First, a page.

Athlete’s Cap Sends Out Alerts About Head Injuries

Signals let coaches know when an injury occurs on the field

22 November 2013

Research shows that repeated hard knocks to the head during impact sports can cause long-term brain injury. But it can be hard for coaches watching from the sidelines to tell how hard a blow really was.

That’s why IEEE Member Roozbeh Ghaffari helped develop a skullcap to be worn alone or underneath a helmet that detects how hard a player’s skull is hit. Depending on the severity of the impact, different colored LEDs light up on the back of the cap for all to see.

Ghaffari, a biomedical engineer by training, is a cofounder of the five-year-old MC10 (Materials Company 10), in Cambridge, Mass., which designs wearable health-monitoring devices, including sensors on the skin for physiological monitoring. MC10 worked with professional athletes to help develop the cap, which it calls CheckLight. It’s now sold by Reebok—the athletic apparel maker—for US $150.

CheckLight was launched in July, when sports-related brain injuries coincidentally were making headlines. In the United States, retired National Football League players reached a $765 million settlement with the league over head injuries. Some had been diagnosed with conditions such as Lou Gehrig’s disease, a progressive neurodegenerative disease that affects nerve cells in the brain and spine, leading to an early death. They are to receive up to $5 million each, as did the families of athletes who had committed suicide and who were found on autopsy to have had early onset Alzheimer’s and other brain disorders.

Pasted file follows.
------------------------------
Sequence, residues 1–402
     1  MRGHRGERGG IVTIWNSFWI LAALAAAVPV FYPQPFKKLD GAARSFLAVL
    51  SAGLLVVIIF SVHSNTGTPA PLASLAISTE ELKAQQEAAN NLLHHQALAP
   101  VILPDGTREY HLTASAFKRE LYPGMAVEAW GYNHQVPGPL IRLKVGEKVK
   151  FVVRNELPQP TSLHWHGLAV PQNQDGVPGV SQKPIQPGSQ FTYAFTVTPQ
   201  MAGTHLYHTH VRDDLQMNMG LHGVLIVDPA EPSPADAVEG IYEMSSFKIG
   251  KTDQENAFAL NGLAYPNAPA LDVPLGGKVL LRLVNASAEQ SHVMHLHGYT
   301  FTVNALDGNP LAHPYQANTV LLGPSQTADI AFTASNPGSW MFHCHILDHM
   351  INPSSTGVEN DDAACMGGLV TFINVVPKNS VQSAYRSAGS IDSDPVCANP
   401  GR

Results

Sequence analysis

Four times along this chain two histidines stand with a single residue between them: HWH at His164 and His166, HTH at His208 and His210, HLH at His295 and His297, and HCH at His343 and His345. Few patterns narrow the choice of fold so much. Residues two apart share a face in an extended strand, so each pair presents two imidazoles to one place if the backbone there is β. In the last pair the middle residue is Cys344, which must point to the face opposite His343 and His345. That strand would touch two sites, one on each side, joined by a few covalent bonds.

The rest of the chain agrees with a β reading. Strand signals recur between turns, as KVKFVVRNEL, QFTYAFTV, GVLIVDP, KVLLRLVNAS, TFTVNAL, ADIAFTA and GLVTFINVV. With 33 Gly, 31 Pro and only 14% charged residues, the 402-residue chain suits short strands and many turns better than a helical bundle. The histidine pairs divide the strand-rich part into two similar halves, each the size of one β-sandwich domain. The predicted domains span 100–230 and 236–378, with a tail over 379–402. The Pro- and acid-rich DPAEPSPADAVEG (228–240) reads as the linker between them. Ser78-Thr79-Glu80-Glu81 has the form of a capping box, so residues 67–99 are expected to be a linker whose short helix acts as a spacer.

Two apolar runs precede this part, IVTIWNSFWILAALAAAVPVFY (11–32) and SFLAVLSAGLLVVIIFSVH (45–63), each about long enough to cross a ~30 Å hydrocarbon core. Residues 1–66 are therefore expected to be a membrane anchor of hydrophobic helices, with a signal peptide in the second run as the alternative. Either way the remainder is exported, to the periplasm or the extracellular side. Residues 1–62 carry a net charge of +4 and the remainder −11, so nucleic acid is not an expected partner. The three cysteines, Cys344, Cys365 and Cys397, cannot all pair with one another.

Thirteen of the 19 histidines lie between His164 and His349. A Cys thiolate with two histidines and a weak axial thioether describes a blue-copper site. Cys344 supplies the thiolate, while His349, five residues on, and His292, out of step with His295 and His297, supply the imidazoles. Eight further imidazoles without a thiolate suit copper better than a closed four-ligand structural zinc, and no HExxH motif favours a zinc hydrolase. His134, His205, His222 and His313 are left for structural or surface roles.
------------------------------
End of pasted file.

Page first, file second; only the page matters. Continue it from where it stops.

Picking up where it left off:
Despite the recent awareness, “there’s still a stigma around monitoring head impact in the sporting world because an injury means the player has to come off the field,” Ghaffari says. “This product is about changing the mentality of players, especially at a young age, by introducing an easy way to screen for a potential brain injury early on.” 


An estimated 2 million to 4 million sports-related brain injuries occur around the world each year, according to the Brain Trauma Foundation, in New York City, which conducts clinical research on traumatic brain injury, more popularly known as a concussion. Children alone make more than 500 000 hospital visits in the United States each year for TBI, largely because of sports play, according to the U.S. Centers for Disease Control and Prevention.

As part of its research, MC10 created a sports advisory board that includes Isaiah J. Kacyvenski, former NFL linebacker and MC10’s head of sports, as the board chair and Indianapolis Colts quarterback Andrew Luck, who was the number one draft pick this season. The product has also garnered support and media attention from other athletes, including Chris Nowinski, a former professional wrestler for World Wrestling Entertainment. The cap can be used for all high-impact sports, including boxing, hockey, lacrosse, wrestling, and even snowboarding because of falls, as well as football.

“By the time I got to the NFL, I became a master at masking pain,” says Kacyvenski. “I continued saying I can tough through it, but not so with a head injury. The cap makes monitoring head injuries objective and measurable, and takes away the decision from players to stick it out in a game no matter what the consequence.” He is now lobbying the NFL to have players wear the CheckLight during games.